I sound like an old, scratchy record!

But -- Try a cloche!  [Google Sassafras cloche] Easy-peasey puddin'-'n-pie!

Pre-heat to 450F.  Transfer dough into cloche [I use parchment paper to lift it into place -- and leave the parchment paper].

Score --

Place lid on top and return to oven.  Immediately drop temp to 420F.  Bake lid-on for  12 - 14 minutes, then remove lid.

Reduce temp to 390F and bake until 195F -- 205F internal.

Cool for an hour --

Then comes the good part!


I'm often asked, why drop temp?  My answer.  I dunno!  If I leave temp at 450F, the crust burns before the internal has risen to 200F.  So, I use the initial 450F to caramelize the crust, then drop therms to bake interior more slowly.  Works every time like a charm in my oven [elec].

And -- oh yeah!  I brush melted butter all over it to soften the crust as soon as it comes out of the over -- and the butter also affects the taste.

Of course real butter!

And -- another oh yeah!  Turn the loaf unside down and stick your probe into it's bottom when checking temp, so that the steam doesn't eeek out the top.  And it's no problem to put the bread back into the oven if it needs a few more minutes.

And, no!  I wouldn't know how to thump, or what to listen for.  I'm one-na them ther-mo-meter guys.  Just the penalty for watching Alton.

Alton Brown + Peter Reinhart = my bread


~ B





Barbara Krauss's picture
Barbara Krauss

My Magic Bowl is a big 13 quart stainless steel mixing bowl that measures 16 inches in diameter, which covers just about anything that will fit onto my baking stone. I bought mine from a restaurant supply store for $8.00.  

As for pros and cons, the only negative I can think of in using stainless steel is that there tends to be some discoloration over time, especially if you're using it at high temperatures. I imagine if you diligently scour after each use you'll have less of a problem.  I'm not that concerned about the slight discoloration as I use this bowl exclusively for baking.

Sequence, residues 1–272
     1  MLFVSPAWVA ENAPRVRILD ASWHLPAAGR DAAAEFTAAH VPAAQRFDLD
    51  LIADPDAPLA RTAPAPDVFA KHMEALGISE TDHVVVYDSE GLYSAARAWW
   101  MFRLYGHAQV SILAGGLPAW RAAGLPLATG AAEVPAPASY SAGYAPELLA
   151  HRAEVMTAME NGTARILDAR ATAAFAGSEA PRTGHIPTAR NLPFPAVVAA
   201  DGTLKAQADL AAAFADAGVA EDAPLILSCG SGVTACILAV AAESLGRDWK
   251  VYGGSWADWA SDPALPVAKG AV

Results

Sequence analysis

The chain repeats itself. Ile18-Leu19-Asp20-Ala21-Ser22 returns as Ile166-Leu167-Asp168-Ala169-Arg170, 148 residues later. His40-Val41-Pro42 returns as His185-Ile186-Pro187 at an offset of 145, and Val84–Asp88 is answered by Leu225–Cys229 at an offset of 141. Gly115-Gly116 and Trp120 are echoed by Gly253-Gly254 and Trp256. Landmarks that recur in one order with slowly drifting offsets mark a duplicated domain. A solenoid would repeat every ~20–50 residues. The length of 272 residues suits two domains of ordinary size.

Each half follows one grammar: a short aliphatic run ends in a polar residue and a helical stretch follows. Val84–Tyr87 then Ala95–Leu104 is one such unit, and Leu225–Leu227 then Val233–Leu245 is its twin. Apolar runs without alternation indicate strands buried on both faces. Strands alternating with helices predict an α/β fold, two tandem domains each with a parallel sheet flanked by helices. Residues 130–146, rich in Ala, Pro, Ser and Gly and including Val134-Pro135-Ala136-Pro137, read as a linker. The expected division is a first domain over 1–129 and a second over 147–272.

I've also used those inexpensive foil roasters with some success, but you have to be careful with those as they bend out of shape easily, and you want to be sure you have good contact with the baking surface to get the full effect of the dome cover.  

I agree about the Suas SF Sourdough recipe, by the way. One of my favorites. 

Glare Seethe's picture
Glare Seethe

Thanks for the thoughts about stainless steel. I'll probably not try it with my current bowl - I really love it and it cost me quite a bit (it seems to be a higher quality kind - sturdier and thicker than the others I looked at). I might buy a cheaper SS bowl to try this with; with I could use a cloche but I'm hopelessly broke and can't really afford anything too expensive, which is why I'm reluctant to use my quality SS bowl as well, I'd be seriously bummed if the high temperatures got to it.


korish's picture

Great job the bread looks great, I bake my bread in wood fired oven where my door seals the oven and I bake about 10 to 12 loaves each time I was suprised when I open the oven door how much steam is generated by the bread alone.

subfuscpersona's picture
subfuscpersona it a preheated baking stone? Some sort of container? Something else?

Since your bread is shaped as a batard, what are the (approximate) measurements of the loaf and how big is the bowl you used (height, top diameter) to cover it?

Your loaf is beautiful - wonderful grigne. I'm looking forward to the photos of the crumb.

Please excuse my requests for picky picky details but I, like you, am struggling for ways to get a good steaming effect since I have a (very) old gas stove that is poorly insulated and vents moisture like mad.